DECERTIFIED: Pennsylvania's top election official has decertified Fulton County's voting machines following a third-party audit of the 2020 election there, the kind state officials are warning other counties against amid an active, Trump-aligned push. Acting Secretary of State Veronica Degraffenreid said Fulton County will "almost certainly" have to buy or lease new machines, per the AP. The cost remains to be seen.
PENSION FIX: A scandal has Pennsylvania lawmakers ready to reform the state's largest pension fund, The Inquirer reports. Pending bills would increase transparency around money manager fees paid by the embattled Public School Employees' Retirement System fund, empower the auditor general to conduct fraud audits, and, most radically, combine PSERS' investment arm with that of its state employee counterpart.
PAY RULE: The state Supreme Court says Amazon must pay its Pennsylvania warehouse workers for time spent waiting for and undergoing security screenings, per the Morning Call. A lawsuit led by fulfillment center workers in Lehigh County prompted the ruling, part of a nationwide class-action suit on behalf of Amazon workers who must undergo checks to prevent theft after clocking out at the end of their shifts.
SINK HOLES: Chester County commissioners want Pennsylvania regulators to shut down a portion of the Mariner East pipeline, saying at least seven sinkholes have developed since January in one township, per WHYY. The push comes days after Pennsylvania's Public Utility Commission unveiled a raft of proposed pipeline safety regulations, some inspired by ongoing issues along the Mariner East route.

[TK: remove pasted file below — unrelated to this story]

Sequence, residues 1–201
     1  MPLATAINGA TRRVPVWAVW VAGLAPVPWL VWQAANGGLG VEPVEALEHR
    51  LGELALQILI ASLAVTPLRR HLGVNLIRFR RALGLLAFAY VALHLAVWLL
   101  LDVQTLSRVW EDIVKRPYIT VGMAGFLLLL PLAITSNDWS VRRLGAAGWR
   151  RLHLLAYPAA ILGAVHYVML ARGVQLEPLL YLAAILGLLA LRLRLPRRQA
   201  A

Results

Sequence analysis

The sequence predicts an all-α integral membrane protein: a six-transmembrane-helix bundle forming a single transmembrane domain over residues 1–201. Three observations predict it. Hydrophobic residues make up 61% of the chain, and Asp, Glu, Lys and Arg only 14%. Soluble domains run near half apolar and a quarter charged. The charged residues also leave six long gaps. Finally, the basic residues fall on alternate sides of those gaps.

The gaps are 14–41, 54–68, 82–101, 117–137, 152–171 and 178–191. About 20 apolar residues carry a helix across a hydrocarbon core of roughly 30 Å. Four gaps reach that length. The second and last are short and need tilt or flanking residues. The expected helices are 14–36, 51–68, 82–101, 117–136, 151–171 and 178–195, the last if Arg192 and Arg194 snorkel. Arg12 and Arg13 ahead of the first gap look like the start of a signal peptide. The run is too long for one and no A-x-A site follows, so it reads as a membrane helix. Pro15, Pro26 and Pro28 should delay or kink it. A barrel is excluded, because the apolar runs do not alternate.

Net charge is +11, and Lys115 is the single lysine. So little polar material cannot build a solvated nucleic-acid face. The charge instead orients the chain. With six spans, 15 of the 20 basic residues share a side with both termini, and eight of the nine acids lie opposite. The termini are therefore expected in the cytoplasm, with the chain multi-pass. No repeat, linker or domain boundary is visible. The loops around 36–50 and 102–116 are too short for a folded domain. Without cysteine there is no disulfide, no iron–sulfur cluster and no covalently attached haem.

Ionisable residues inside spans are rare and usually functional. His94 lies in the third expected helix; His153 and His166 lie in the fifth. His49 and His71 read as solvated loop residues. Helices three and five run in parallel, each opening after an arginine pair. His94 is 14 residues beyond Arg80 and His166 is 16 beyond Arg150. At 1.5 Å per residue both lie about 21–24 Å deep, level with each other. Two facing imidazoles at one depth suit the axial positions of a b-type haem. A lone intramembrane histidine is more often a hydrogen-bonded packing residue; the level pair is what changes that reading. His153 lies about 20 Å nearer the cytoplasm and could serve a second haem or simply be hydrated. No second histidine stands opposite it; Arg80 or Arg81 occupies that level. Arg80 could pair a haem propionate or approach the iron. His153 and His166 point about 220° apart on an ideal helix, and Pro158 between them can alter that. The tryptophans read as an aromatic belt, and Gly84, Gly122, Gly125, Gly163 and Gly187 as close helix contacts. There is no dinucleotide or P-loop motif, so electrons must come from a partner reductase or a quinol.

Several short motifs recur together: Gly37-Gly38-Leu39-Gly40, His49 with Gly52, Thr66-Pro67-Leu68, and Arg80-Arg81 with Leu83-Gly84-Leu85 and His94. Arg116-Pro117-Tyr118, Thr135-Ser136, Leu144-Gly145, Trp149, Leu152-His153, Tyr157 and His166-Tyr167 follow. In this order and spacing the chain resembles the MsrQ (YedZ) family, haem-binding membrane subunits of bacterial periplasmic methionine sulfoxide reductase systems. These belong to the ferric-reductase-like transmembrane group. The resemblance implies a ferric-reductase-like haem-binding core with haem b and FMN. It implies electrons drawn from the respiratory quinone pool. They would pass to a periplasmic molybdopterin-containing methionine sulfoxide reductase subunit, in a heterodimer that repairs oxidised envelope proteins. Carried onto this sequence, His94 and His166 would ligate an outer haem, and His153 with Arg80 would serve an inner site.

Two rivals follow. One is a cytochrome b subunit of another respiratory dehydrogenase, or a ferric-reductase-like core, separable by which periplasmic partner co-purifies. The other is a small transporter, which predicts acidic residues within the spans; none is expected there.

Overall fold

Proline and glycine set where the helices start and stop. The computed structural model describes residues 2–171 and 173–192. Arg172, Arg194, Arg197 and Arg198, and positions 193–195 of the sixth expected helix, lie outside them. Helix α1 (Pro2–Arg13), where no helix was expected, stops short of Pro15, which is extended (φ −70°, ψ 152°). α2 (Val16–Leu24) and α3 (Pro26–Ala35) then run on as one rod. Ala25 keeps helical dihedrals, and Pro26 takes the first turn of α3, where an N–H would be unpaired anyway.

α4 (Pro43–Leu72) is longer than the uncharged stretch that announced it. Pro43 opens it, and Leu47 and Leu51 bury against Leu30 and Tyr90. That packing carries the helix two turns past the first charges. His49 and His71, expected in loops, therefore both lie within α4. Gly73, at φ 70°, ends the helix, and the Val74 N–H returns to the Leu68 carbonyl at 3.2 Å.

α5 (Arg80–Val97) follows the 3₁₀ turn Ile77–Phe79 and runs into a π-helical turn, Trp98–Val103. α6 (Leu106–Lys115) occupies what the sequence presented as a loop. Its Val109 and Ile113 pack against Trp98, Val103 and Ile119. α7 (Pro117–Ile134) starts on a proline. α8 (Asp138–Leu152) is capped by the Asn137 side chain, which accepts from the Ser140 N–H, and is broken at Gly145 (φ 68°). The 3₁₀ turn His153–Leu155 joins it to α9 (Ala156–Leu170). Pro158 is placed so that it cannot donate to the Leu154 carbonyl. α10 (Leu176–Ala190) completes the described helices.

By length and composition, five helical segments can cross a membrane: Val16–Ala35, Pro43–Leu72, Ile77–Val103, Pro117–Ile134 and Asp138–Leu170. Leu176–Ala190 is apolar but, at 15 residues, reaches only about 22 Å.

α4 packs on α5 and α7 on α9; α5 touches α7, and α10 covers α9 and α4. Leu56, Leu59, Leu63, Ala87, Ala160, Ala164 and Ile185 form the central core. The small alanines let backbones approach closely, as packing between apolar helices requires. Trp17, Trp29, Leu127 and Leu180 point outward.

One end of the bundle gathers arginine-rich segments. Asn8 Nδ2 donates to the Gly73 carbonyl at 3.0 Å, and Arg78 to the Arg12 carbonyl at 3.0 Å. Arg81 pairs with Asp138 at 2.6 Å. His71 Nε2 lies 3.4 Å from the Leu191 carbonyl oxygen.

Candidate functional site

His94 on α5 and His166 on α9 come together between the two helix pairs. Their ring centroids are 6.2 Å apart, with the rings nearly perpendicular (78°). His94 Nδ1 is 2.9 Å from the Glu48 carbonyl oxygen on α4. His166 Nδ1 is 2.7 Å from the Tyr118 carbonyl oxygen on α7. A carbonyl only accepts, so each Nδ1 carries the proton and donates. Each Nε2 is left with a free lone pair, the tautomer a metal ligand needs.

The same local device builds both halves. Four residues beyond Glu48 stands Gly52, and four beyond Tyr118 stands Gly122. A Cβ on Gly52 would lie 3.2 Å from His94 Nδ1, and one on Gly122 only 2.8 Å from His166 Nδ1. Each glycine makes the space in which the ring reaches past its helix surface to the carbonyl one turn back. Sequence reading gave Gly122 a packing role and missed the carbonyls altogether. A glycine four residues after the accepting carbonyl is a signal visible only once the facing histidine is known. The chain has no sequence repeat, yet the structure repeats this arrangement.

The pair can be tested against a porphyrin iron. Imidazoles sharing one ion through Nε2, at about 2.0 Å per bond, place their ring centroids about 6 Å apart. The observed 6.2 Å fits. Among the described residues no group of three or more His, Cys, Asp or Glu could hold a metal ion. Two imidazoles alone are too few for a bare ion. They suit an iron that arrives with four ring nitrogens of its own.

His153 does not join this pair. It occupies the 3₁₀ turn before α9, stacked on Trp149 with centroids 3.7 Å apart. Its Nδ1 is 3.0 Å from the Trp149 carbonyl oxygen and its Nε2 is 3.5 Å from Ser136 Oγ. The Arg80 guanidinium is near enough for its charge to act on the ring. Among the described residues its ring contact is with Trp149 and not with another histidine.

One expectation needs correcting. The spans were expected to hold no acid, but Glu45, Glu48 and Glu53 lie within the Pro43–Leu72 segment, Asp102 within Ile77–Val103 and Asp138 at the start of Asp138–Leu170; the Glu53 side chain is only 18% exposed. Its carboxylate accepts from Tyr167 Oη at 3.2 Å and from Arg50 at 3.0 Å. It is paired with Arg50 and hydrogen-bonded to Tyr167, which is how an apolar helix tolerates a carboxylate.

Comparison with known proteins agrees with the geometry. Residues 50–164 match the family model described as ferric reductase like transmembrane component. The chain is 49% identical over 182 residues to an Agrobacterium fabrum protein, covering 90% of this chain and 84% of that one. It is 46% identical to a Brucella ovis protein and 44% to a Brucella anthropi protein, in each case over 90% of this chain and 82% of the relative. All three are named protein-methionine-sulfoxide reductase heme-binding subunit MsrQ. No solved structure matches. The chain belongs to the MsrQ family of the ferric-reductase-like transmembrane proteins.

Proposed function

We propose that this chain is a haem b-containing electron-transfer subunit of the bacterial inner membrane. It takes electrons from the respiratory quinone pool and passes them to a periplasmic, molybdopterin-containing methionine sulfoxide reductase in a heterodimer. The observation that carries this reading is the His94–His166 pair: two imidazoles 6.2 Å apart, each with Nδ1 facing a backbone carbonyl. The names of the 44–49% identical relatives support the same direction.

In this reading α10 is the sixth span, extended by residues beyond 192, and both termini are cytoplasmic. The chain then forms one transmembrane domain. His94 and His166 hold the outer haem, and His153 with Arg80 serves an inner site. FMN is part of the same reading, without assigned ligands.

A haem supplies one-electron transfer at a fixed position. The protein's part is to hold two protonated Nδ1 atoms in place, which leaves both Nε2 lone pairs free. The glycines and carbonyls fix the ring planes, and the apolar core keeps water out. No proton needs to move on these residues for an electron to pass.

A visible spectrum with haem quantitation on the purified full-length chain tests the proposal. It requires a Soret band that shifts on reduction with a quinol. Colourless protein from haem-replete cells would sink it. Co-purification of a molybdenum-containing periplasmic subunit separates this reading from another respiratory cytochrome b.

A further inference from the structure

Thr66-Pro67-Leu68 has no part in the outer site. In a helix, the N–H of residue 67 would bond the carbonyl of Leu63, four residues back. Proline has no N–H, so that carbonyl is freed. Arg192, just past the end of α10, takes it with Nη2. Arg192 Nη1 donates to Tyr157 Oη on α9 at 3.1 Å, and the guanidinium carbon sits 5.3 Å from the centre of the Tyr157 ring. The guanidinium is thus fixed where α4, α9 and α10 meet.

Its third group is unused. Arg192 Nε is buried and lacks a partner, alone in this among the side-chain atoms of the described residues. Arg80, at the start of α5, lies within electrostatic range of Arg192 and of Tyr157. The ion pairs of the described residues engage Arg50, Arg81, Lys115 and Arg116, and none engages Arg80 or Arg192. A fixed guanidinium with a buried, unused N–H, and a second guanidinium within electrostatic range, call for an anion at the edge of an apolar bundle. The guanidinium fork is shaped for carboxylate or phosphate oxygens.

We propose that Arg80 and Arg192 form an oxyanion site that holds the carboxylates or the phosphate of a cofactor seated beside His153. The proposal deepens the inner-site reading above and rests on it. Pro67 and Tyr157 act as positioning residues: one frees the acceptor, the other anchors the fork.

|SMOKE SCREEN: Smoke from wildfires in Canada and the western U.S. has reached Pennsylvania, making for hazy skies and air quality alerts. State environmental officials are urging people to skip the fireplaces and gas-powered lawnmowers in response, per City Paper.|
TOUCH DOWN: When 18-year-old pilot Landon Lucas' banner plane ran into trouble over southern New Jersey recently, he landed it on a bridge without so much as a scratch. "It was either water or bridge," Lucas told The Inquirer. "There was a gap in traffic, and I went in."
NORTH COAST: Canada is opening up to fully vaccinated Americans next month and Erie boaters are setting sail across the city's namesake great lake. "I would expect we'll have a whole armada of boats going over there in August," boater Jim McBrier told Erie News Now.
ON TRACK: A Pullman railcar called the "Diplomat," believed to have carried government officials on political whistle-stop tours in the 1920s, is en route to Pennsylvania from its longtime home at a Virginia museum. Shore Daily News says it's headed to the Colebrookdale Railroad in Berks County.
HERD THAT: Shoutout to Kristen and Russell Beals of Tioga County for rescuing this baby deer from rising floodwaters earlier this month. The fawn was taken back to the Beals' home, where the animal's family was conveniently waiting a few hundred yards away, per NorthcentralPa.com.
Correction: Wednesday's edition incorrectly referred to "Clerks" director and New Jersey native Kevin Smith as "King of Queens" star Kevin James. I remain very open to a "King of Clerks" crossover, but alas. Thanks to eagle-eyed reader Kathy B. for spotting the error.
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I N O F T T A C S S I A